Desert and mountains in Morocco
Wandering through Morocco on a journey without a fixed route. A self-drive 4×4 tour that is a true discovery. Of the land of course (“what will we see next?”) and perhaps even more of yourself. Are you able to travel without knowing where you’ll be at the end of the day?
Only the first three days of this tour have been planned. After our arrival on the ferry in Tanger Med, we drive to Chefchaouen, where we will spend the first day. On day two we drive to Meknès via the Roman settlement Volubilis. And day three will be in Meknès.
From then on your only certainties are that you will have two experienced guides to see you through everything safely. You will meet the extremes of Morocco: city, desert and mountains and how people live there. Your guides decide on the basis of your input where next day’s trip is going. You don’t have to worry about anything. Obviously, given its nature, the journey may involve having to turn around because the road has been washed away; or is simply not there anymore. That’s part of the fun. Expect something unexpected to happen.
Morocco is a dramatic, endlessly fascinating country. Its geographical position and way of life mark the transition between Western Europe and Africa. You feel you’ve left Europe behind you, yet you are not quite in Africa. Over the centuries it has been conquered by the Phoenicians and Romans and, more recently, colonised by the Arabs and French. It has absorbed these influences and nevertheless preserved its Berber culture in the mountains and deserts.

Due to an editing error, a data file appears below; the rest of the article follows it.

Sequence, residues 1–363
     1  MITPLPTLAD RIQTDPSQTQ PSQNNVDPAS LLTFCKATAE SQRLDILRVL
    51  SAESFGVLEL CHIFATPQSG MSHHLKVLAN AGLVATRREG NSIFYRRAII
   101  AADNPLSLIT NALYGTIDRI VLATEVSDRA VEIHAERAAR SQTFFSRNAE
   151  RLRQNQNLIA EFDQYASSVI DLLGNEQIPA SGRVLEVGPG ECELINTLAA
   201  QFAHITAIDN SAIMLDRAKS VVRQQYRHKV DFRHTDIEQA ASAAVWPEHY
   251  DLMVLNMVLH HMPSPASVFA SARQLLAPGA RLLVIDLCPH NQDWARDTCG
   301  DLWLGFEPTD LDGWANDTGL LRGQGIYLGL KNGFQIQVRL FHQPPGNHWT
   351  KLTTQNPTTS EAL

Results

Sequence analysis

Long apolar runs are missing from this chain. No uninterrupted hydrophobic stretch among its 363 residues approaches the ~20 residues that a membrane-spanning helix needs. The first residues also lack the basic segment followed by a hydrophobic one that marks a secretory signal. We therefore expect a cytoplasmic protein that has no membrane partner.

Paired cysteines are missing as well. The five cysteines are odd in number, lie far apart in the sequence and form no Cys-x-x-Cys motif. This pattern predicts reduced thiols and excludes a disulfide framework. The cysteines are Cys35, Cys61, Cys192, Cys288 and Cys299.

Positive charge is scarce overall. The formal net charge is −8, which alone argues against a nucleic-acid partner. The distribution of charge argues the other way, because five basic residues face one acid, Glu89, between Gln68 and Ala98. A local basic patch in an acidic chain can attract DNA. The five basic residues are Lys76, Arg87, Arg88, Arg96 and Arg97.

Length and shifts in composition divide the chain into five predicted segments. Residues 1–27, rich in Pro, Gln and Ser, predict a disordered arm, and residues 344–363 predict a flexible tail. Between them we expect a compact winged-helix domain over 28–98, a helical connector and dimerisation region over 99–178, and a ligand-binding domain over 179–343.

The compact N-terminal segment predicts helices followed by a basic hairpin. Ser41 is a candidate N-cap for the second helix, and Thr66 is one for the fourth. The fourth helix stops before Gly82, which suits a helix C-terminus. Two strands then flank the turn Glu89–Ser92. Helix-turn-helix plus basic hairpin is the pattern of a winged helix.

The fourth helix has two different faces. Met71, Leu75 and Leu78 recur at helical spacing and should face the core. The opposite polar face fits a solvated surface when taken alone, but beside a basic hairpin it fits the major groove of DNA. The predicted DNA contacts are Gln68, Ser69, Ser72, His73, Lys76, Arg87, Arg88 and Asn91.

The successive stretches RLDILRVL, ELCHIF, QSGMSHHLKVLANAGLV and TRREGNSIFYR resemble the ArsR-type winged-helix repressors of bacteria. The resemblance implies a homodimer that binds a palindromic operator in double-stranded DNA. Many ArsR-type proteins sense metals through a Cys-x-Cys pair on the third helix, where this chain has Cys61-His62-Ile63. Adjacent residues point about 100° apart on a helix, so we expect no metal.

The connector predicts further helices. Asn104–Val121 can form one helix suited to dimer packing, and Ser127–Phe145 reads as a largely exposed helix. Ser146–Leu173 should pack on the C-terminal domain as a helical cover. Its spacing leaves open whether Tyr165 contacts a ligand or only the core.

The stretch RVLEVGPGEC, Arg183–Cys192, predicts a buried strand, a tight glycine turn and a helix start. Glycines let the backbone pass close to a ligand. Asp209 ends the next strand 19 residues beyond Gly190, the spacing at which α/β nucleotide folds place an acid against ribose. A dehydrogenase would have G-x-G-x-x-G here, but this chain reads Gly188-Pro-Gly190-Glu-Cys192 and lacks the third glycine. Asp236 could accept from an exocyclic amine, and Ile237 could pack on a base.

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The result is a country of extremes, where the traditional and modern live side by side, where you can find the primitive and sophisticated within a few hundred meters distance. All this against the perpetual backdrop of one of the most spectacular landscapes you can find anywhere.
Before we visit the smallest of Morocco’s Imperial Cities, we first go to Chefchaouen, a lovely blue and white town, bustling with life. We will stay in a hotel on the mountainside overlooking the town, with sheep grazing in the meadow.
After Chefchaouen we go back in time at Volubilis, the most remote outpost of imperial Rome in Africa. Even though sultan Moulay Ismail stripped it of most of its marble and many pieces have been moved to the Archeological Museum in Rabat, it is one of the most impressive Roman ruins you can find. Its mosaics have been well-preserved. And in contrast to the more famous Roman ruins in Italy, there’s hardly anybody there. You feel you have the place to yourself.